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Frank Sidebottom The Home of the Retrospective


A nostalgic (but not blindly nostalgic) look back at some cult and classic movies. Are they worth checking out once you take off the rose-tinted glasses? Find out in this retrospective section.

Repo Man (1984) written and directed by Alex Cox

What’s it about?

An old Chevy careens recklessly on a desert highway, causing a patrol cop to pull it over. He asks the driver - a crazy looking old guy wearing sun shades with one lens missing - if he can look in the trunk. However, after he opens it he is reduced to nothing more than a pile of ash and smoking boots.

Meanwhile, in Los Angeles we are introduced to Otto (Emilio Estevez), a young punk who, along with best pal Kevin (Zander Schloss), is kicked out of his job stacking supermarket shelves. To make things worse, his girlfriend Debbi (Jennifer Balgobin) has just dumped him at a house party in favour of the even more delinquent Duke (Dick Rude).

Harry Dean Stanton and Emilio Estevez in Repo Man

The next day, while he is walking home, a middle-aged man named Bud (Harry Dean Stanton) pulls up beside him and asks him a favour: to move his wife’s car out of the rough neighbourhood for $25. Otto does just that - only to discover that the car isn’t Bud’s wife’s after all: he is repossessing it. So begins his new calling in life: that of a repo man.

This kicks off a dangerous round of day-and-night speeding off in repossessed cars, desperately attempting to avoid being either beaten up or shot by their erstwhile owners. Along the way, Otto picks up a new girlfriend named Leila (Olivia Barash) who belongs to a mysterious organisation who are seeking to reveal what is lying in the trunk of the mysterious Chevy to the world. Soon, everyone is after this car: Bud, his rivals the Rodriguez Brothers, the FBI and a trio of robbers led by Duke.

Watch a trailer:

Why is it significant?

Repo Man was the first feature-length film for Alex Cox, a British director who also became well known in the UK for introducing TV screenings of various cult films under the moniker of Moviedrome. It remains the idiosyncratic director’s most famous film and is generally regarded as being one of his best. The executive producer was Michael Nesmith, a former member of the 1960s pop band The Monkees. The film also gave Emilio Estevez his first big-screen starring role.

It very much encapsulates the early 80s US economic troubles and the resulting punk zeitgeist.

Indeed, the soundtrack features various American punk bands from the era (such as Black Flag, Suicidal Tendencies and Circle Jerks) as well as Iggy Pop who composed the surf rock title music.

In 2007 Cox made a sequel called Repo Chick which was filmed independently on an extremely low budget with green screen CGI backdrops taking the place of sets. Few people have seen it and those who have had the chance to do so have generally condemned it. If you are curious you may wish to view this trailer before tracking it down, just to get some clue as to what you are letting yourself in for:

How does it hold up?

Akin to the aforementioned punk scene Repo Man is a shamelessly defiant film. We get an on-the-nose look at the 80’s “me first” mentality where televangelists have an unfettered carte blanche to screw over the gullible: Otto’s parents donate money intended for him when he grows up to one such fraudster so as to supposedly “send Bibles to El Salvador”. The products we see in the supermarket in the film are all unbranded, a clear two-fingered salute to product placement. There is a refusal to conform to one genre as the film weaves its way in and out of multi-stranded drama, satire, sci-fi and action. Even the end credits scroll down from the top of the screen as opposed to the usual technique of scrolling upwards.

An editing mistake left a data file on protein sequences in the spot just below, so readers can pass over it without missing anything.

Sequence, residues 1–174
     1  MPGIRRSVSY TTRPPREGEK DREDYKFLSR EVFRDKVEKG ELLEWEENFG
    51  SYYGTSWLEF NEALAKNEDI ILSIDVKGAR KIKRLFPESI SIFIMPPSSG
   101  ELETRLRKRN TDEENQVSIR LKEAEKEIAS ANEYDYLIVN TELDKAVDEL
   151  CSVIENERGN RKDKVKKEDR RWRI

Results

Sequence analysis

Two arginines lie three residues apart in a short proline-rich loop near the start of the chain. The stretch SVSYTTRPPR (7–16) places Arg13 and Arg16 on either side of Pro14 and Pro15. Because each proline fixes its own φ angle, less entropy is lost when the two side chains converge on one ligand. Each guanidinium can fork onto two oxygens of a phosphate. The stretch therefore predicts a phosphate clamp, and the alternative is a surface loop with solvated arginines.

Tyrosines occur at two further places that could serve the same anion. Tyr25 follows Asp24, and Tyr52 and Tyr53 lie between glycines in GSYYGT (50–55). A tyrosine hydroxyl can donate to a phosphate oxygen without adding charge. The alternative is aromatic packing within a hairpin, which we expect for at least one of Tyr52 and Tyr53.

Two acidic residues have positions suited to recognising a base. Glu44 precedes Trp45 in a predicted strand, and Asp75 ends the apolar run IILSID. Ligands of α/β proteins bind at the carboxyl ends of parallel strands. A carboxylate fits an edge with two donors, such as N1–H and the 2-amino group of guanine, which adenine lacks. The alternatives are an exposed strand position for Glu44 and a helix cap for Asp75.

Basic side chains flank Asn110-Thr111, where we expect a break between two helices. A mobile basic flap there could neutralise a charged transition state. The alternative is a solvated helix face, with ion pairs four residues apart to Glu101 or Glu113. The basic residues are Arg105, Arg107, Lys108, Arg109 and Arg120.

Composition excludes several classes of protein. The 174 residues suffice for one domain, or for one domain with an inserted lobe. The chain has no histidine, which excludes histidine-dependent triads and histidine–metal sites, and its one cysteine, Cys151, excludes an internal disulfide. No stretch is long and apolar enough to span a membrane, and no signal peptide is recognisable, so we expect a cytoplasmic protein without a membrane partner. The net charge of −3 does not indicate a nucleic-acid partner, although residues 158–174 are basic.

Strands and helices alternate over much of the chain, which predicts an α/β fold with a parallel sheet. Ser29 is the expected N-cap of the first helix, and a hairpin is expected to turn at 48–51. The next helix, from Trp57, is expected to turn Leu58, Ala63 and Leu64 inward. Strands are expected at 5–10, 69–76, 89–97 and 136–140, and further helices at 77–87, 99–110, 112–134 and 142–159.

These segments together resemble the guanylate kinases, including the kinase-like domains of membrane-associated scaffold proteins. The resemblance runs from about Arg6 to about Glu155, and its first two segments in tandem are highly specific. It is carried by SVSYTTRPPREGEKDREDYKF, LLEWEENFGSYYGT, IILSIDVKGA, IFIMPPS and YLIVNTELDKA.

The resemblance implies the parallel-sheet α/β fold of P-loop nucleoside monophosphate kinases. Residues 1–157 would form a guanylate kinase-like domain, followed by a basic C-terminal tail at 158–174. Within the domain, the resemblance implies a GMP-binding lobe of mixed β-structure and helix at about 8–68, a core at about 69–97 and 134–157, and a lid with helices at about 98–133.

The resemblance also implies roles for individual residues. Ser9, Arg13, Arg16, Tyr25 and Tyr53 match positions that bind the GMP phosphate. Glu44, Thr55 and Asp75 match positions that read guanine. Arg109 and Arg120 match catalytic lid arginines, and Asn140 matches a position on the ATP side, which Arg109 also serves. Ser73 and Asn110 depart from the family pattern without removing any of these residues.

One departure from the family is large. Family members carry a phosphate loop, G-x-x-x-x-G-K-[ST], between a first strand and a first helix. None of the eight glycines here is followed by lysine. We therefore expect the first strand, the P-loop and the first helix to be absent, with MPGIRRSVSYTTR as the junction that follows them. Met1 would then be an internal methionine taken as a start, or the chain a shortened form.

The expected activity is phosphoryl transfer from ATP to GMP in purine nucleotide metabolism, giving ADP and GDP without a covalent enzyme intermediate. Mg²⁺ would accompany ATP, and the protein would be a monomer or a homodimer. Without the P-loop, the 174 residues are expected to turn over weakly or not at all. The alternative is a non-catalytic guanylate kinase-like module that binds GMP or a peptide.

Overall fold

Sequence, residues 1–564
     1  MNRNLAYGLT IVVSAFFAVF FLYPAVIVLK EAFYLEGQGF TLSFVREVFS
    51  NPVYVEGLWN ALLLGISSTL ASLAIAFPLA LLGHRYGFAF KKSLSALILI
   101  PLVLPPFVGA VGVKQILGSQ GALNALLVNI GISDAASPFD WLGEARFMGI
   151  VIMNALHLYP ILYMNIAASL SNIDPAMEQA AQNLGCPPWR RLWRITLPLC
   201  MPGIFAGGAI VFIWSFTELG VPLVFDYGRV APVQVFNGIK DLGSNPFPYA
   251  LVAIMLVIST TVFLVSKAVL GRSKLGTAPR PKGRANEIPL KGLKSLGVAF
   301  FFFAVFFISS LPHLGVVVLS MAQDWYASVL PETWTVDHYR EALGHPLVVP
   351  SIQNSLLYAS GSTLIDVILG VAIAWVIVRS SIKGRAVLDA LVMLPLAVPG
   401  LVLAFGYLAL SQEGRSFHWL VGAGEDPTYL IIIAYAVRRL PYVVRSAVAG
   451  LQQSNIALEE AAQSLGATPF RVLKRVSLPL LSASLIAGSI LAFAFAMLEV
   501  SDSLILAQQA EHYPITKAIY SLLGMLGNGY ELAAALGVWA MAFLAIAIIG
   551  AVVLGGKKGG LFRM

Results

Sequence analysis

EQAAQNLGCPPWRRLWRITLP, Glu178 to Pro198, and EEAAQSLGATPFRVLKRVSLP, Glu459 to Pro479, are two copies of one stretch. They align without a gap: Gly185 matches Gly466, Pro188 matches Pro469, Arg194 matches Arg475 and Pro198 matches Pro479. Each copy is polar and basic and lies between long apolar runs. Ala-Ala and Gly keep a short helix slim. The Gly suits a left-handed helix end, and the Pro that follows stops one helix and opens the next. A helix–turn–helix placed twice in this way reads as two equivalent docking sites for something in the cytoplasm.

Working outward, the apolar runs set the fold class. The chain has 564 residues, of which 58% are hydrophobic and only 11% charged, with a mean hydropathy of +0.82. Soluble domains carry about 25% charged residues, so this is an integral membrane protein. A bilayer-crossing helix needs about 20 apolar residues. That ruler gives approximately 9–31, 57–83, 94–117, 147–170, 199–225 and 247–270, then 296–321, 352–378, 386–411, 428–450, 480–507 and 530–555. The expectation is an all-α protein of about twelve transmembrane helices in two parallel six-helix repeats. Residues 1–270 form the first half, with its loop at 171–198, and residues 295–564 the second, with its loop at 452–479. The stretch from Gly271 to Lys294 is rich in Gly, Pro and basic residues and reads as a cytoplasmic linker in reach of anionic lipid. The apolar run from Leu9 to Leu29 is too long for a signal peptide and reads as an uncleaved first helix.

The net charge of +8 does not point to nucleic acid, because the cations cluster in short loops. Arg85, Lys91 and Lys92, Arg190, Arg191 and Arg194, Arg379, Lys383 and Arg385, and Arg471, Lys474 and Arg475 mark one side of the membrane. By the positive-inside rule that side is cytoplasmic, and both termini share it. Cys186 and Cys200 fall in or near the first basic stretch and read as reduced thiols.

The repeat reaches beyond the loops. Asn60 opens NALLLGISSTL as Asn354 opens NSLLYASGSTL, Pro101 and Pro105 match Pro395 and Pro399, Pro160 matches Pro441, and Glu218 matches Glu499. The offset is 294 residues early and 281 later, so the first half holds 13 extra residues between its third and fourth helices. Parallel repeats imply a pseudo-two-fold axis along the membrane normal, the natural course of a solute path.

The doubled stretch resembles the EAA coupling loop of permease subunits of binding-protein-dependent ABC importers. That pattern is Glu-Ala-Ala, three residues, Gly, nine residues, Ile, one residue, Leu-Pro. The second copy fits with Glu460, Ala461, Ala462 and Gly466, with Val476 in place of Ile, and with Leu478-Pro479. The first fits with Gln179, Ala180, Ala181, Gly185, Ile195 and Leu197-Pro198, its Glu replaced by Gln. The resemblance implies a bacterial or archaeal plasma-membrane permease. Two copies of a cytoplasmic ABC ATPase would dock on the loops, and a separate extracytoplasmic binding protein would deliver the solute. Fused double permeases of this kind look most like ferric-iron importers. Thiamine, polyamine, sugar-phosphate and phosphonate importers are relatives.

The defiance is all in service of subverting and deconstructing the myth of America’s success story. Cox deliberately filmed much of Repo Man around run-down areas, laying bare the country’s impoverished underbelly. The repo men themselves are painted up with a mythology of their own, with the action-packed lifestyle and their own code of honour. They are the film’s own cowboys and superheroes, only they don’t fight for the American Way - instead they, conversely, strip America of its own status symbol, the car. Even that most sacred of All American movie icons, John Wayne, is desecrated in a way that would rile up the US’s conservative elements no end: “John Wayne was a fag” proclaims one of the characters.

In a sign of how self-aware the film is, even the punk zeitgeist itself is shown to be no exception to the rules of conformity and social climbing. “Let’s get some sushi and not pay for it” proclaims Duke - sushi being a sought-after food for the aspirational classes.

The cinematography by Robby Müller is superb in its manner of combining a noir influence with some vaguely off-kilter use of colour: an almost perfect synchronicity with Alex Cox’s own distinctive mash-together of genres. Repo Man may be a little too weird for some tastes, in particular the outright “WTF” ending. However, for those who can click into its freewheeling unconventionality, it’s a fun ride.

Runtime: 92 mins

Dir: Alex Cox

Script: Alex Cox

Starring: Harry Dean Stanton, Emilio Estevez, Tracey Walter, Olivia Barash, Sy Richardson, Vonetta McGee, Dick Rude, Zander Schloss, Jennifer Balgobin

Rating: ☆☆☆☆

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